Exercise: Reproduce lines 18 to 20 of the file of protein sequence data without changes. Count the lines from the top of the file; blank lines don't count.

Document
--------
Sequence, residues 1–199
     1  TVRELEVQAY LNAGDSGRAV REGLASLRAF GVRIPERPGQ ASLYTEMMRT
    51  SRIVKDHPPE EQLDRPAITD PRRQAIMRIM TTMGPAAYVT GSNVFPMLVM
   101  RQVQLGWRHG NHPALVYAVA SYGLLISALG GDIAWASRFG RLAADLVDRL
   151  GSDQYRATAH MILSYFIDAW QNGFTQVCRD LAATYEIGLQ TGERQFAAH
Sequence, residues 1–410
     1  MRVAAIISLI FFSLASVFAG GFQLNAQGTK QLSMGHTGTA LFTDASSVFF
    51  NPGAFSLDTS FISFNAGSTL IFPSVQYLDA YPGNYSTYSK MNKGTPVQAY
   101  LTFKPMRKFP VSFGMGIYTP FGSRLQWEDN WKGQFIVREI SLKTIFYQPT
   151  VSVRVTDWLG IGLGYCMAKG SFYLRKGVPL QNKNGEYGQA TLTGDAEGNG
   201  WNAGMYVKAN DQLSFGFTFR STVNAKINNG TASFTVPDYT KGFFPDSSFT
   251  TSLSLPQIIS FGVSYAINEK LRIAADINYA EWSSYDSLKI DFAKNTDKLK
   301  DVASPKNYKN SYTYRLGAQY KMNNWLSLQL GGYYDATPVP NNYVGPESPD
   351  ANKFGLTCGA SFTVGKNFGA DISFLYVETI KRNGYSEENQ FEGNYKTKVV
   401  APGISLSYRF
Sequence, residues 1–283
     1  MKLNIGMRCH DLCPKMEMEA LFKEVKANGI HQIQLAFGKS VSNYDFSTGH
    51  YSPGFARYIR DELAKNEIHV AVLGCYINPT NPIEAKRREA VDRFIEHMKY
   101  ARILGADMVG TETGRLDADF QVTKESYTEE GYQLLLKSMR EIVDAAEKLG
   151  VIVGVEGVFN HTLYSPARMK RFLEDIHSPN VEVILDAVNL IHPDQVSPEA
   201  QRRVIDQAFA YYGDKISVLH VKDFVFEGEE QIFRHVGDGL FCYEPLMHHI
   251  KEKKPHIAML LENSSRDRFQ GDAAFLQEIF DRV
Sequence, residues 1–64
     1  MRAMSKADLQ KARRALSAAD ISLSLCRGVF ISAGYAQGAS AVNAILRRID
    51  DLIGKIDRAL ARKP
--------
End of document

    51  YSPGFARYIR DELAKNEIHV AVLGCYINPT NPIEAKRREA VDRFIEHMKY
   101  ARILGADMVG TETGRLDADF QVTKESYTEE GYQLLLKSMR EIVDAAEKLG
   151  VIVGVEGVFN HTLYSPARMK RFLEDIHSPN VEVILDAVNL IHPDQVSPEA